I know this is a humor website, but all joking aside, I steal food. Please allow me to explain. I live alone in the middle of nowhere, and work out of my house, so occasionally I feel the need to get out of my place, very often to buy alcohol or hit on women, but mostly to keep myself sane by interacting with real people rather than the voices in my head. Every now and then, I enjoy the finer things in life, which is why I have recently been spending most of my mornings eating breakfast in local hotel lobbies.

Is it morally reprehensible to walk into a hotel lobby pretending to be a guest, and walk out with a belly full of powdered eggs? Who gives a shit? It all started a year ago. I was driving to a client's office when I had a sudden, extreme intestinal predicament, forcing me to find a place to take care of business. I have spent many years of travelling for my job, living out of suitcases, so I have developed a keen instinct for knowing where the best bathrooms are. For instance, the C terminal of the Denver International Airport has a very private restroom on the third floor. Trust me. I know what I'm doing.

But if you don't happen to find yourself in the Denver airport when you have a gastro-emergency, I would suggest that you use any random hotel lobby. They are clean, easily accessible, and the Springhill Suites in Wheeling, West Virginia offer up an extraordinary level of additional service that I wasn't expecting.

All I wanted to do was to use the facilities and get back on the road, but a lovely woman working the breakfast station approached me as I was ready to leave and said, "Come grab a bite. We have bacon, eggs, coffee…" Sure, I thought. I hadn't eaten yet. I could certainly go for some bacon and eggs, and I was running early anyway. I might as well indulge. Since I didn't look like a person who would consciously spend even two seconds in Wheeling, West Virginia unless it constituted an underwear/car seat emergency, I figured that I might as well take advantage of the woman's lack of observational skills and grab a USA Today while I was at it. It then dawned on me that I should do this more often at home.

Holiday Inn Express breakfast

When I am on the road three weeks a month, I hate it. The long days without the comforts of my house are dreadful, but for some reason, free breakfast was the one perk that I always looked forward to. Since work has slowed down, I haven't been travelling as much. I had to somehow get that feeling back, and there was only one way to do it: steal.

There is an area near my home where three major hotel chains all reside in the same small space. Don't get me wrong, I'm not proud of what I'm about to say, but I can't live with this embarrassing secret any longer: when the mood strikes, I will head on out and steal a nice cup of coffee, lousy sausage patties, and free business center facilities from the hotel chains that I once called home.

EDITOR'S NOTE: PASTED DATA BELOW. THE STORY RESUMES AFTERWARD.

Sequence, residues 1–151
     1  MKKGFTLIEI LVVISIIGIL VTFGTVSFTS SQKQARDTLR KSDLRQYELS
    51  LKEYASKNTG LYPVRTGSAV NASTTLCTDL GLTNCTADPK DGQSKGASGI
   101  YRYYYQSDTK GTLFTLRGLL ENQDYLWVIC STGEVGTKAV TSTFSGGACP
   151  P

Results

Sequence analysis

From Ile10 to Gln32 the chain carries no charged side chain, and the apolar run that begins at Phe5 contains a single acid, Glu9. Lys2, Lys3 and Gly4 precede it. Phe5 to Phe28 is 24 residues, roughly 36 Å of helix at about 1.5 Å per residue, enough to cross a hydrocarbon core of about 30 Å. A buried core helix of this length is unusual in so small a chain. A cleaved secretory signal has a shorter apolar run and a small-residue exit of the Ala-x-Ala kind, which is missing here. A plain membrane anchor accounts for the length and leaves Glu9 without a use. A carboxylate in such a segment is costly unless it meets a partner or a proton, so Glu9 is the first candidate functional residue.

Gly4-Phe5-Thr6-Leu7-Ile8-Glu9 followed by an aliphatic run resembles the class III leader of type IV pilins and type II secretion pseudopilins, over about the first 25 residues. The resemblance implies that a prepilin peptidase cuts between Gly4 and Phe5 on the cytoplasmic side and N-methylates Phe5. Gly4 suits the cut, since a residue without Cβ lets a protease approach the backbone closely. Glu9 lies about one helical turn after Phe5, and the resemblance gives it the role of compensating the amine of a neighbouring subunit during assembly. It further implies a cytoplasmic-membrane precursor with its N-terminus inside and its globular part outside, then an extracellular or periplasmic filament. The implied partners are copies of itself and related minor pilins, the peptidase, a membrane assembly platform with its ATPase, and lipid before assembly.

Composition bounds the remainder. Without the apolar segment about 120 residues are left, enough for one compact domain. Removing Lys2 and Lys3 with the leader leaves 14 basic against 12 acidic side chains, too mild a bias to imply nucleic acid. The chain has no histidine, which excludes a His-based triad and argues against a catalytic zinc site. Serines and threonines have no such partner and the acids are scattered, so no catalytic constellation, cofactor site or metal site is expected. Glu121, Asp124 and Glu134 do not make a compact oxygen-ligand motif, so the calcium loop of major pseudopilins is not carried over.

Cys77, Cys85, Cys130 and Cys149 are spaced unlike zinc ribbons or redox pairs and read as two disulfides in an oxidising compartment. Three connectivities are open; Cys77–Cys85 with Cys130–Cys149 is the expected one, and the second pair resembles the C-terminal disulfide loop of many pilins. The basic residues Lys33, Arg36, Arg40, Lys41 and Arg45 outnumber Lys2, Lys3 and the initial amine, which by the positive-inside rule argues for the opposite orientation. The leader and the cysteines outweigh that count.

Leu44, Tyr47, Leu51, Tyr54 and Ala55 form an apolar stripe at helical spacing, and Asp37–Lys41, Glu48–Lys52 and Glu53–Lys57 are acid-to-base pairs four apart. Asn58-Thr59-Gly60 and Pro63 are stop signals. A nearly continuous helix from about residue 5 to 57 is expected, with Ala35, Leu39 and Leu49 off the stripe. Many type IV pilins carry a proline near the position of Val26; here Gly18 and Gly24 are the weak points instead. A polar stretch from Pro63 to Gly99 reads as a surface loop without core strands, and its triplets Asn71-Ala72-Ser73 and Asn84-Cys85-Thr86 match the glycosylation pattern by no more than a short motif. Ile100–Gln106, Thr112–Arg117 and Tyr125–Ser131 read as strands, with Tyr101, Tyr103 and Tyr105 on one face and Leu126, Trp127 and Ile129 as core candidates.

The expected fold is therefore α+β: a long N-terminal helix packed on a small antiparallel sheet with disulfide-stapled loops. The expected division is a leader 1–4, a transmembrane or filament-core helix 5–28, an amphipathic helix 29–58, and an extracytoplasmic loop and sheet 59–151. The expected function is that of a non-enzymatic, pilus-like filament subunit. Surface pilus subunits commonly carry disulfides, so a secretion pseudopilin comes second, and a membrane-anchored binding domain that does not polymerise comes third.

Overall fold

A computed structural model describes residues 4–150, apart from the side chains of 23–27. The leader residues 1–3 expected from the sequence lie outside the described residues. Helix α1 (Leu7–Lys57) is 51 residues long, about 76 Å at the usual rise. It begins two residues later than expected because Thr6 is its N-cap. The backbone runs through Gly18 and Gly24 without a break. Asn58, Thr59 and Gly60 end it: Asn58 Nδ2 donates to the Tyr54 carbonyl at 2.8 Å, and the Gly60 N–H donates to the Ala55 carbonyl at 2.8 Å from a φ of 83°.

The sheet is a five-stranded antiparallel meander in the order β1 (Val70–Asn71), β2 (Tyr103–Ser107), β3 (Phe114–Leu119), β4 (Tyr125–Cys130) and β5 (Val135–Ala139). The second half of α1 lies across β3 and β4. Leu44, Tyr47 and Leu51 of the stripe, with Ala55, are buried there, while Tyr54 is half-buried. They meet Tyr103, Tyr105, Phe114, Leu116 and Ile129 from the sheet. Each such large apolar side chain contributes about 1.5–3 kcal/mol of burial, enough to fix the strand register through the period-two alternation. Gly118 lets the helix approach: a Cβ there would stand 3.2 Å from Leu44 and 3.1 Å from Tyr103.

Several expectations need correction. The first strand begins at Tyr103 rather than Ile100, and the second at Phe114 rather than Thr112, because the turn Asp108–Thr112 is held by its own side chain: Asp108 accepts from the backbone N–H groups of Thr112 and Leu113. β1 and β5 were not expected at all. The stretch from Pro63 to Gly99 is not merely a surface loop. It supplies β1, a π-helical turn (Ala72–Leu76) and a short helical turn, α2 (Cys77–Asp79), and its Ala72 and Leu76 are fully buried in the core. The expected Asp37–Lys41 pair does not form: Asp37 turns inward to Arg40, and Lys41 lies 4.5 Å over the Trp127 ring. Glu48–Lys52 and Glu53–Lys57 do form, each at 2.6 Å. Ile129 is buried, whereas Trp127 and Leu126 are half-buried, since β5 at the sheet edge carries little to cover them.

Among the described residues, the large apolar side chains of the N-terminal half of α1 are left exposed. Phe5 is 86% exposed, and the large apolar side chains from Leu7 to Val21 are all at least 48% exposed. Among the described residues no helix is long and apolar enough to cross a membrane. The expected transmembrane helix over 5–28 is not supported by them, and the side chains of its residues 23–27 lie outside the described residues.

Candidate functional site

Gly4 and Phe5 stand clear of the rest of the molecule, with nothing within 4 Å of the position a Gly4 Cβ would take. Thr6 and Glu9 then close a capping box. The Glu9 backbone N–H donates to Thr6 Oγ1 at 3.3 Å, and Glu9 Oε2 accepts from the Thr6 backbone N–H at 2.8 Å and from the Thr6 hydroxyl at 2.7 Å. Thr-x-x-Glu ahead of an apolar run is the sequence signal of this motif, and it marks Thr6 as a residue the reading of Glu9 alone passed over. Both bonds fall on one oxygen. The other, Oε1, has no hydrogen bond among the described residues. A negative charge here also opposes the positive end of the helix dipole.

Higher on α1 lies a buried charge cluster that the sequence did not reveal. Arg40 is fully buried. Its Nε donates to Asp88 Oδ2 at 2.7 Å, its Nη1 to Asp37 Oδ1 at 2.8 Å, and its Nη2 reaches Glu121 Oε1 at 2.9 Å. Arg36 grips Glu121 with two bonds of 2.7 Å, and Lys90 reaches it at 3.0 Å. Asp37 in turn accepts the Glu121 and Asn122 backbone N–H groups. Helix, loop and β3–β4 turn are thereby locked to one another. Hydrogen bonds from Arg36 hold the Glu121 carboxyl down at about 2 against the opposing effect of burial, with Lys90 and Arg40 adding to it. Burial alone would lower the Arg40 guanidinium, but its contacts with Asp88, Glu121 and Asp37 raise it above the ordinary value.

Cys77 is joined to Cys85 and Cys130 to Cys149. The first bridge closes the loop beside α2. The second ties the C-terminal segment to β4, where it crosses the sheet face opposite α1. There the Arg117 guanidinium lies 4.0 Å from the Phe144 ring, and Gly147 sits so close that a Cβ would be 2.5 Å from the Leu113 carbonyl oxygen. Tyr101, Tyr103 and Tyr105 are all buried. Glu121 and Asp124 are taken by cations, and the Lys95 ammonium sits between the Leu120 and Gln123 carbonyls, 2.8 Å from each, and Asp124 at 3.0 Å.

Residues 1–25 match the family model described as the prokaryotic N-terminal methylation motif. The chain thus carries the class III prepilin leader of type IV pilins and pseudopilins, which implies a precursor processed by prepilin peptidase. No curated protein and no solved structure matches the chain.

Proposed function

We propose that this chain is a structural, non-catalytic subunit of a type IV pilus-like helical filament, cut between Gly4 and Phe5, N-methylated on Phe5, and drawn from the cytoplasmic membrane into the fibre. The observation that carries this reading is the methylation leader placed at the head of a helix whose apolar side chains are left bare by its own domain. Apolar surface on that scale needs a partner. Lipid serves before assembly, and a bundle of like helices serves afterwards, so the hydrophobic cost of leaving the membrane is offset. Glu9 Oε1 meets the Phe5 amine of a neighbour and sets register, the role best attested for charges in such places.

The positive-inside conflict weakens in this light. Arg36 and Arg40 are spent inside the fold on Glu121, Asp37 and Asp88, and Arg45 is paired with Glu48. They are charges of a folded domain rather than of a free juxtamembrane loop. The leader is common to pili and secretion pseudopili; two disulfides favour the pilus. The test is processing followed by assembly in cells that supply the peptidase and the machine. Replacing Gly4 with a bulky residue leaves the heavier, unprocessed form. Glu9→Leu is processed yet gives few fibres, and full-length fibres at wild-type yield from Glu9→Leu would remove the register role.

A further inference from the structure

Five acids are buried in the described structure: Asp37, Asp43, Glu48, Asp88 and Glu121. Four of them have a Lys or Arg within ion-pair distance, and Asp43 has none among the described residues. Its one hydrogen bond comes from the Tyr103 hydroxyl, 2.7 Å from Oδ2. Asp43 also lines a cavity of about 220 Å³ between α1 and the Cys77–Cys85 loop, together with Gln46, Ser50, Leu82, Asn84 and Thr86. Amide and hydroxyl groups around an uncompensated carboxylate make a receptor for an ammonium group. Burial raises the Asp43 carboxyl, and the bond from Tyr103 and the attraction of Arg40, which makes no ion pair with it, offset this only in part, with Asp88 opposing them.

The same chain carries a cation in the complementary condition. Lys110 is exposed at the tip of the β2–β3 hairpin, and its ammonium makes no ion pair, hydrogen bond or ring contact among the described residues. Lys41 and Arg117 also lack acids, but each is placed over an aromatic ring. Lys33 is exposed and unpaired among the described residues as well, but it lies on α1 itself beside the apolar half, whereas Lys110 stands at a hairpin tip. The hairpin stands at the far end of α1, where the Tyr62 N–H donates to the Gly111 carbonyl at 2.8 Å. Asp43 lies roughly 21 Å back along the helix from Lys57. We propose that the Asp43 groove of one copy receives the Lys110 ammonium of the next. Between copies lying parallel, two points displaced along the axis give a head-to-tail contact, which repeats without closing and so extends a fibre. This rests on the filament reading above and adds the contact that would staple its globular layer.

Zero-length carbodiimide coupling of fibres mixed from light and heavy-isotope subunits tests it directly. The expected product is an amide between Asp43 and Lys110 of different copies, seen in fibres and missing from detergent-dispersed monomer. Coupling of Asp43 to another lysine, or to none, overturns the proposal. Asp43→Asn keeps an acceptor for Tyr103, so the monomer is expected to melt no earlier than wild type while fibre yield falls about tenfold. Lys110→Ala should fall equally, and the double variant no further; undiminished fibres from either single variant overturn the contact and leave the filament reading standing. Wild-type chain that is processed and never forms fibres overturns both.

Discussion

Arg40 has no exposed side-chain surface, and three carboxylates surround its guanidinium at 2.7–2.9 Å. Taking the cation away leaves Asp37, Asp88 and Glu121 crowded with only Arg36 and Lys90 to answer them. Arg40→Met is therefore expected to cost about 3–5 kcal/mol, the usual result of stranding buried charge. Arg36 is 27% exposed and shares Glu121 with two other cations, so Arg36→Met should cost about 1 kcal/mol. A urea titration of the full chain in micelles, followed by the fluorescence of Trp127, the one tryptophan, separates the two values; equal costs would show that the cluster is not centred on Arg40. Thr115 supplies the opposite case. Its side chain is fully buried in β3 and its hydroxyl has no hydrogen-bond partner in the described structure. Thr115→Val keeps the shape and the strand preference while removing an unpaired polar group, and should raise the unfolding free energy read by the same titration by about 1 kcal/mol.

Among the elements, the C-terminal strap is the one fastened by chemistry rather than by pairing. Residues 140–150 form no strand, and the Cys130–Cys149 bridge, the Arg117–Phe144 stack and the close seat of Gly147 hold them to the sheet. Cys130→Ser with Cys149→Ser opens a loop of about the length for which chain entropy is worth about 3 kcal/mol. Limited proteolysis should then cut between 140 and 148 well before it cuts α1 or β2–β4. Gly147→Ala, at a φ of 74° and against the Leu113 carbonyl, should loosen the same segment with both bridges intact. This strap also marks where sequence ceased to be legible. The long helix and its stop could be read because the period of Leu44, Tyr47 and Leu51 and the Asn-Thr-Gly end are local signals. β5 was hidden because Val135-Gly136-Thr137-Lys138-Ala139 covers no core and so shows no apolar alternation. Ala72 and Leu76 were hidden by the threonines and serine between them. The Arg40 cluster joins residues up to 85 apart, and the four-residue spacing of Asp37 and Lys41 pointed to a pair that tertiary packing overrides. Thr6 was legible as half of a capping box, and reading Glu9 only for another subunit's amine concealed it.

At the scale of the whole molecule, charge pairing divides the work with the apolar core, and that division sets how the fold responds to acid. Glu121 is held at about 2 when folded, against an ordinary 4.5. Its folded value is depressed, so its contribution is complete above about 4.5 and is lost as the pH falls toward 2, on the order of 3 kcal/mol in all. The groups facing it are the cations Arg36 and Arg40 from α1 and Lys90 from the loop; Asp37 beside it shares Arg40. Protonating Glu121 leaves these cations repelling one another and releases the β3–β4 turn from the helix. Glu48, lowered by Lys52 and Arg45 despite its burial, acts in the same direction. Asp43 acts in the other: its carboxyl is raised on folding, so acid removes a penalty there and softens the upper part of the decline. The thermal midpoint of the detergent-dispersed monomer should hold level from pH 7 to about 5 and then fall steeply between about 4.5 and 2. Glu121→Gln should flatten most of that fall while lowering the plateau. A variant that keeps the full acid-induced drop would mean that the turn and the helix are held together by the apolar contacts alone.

Is it morally reprehensible to walk into a hotel lobby pretending to be a guest, and walk out with a belly full of powdered eggs? Who gives a shit? On the other hand, is it borderline illegal? At my Holiday Inn Express it kind of is. On a recent jaunt to the hotel, I noticed a sign in the lobby stating, "Breakfast is complimentary for guests staying at the hotel. Those not staying can purchase food. Please see front desk for details."

Guess what I did? First, I enjoyed a very hearty breakfast. Then I went to the front desk to inquire about what the disgusting things I just ate would have cost me. As a shit-hole hotel aficionado, I am well aware of which hotels have good breakfasts, and which ones are simply kidding themselves. I've always said that the closest I've ever come to camping is staying at a Holiday Inn Express, predominately because of the food. The one near my house may have the worst spread of them all, so I had to find out what kind of conceited number they could arbitrarily throw at something that I wouldn't serve to a dog.

At this particular hotel, the number was staggering: $14. That's right, I said $14. I've had better food crashing homeless shelters, and they don't charge anything. What a rip-off. There is no way in hell I'm dropping $14 on a fancy-schmancy Red Lobster dinner much less on day-old gruel oozing out of a dumpy hotel's overheated steam trays. I needed to make a statement and head on back to continue to prove my point.

The next morning, I showered, shaved, and dressed like any Holiday Inn Express customer would–tank top, no shoes–and decided to give it another shot, just to see if I could get away with it again. I confidently nodded to the woman at the front desk and proceeded to the dining area to see what was on the menu for the day. Substandard biscuits and gravy awaited my arrival as I helped myself to a free crappy meal. I even brought a Ziploc bag to take home leftovers of the stolen $14 garbage that I force-fed myself.

I am in a zone and have yet to be caught. Please don't tell anyone that you read this.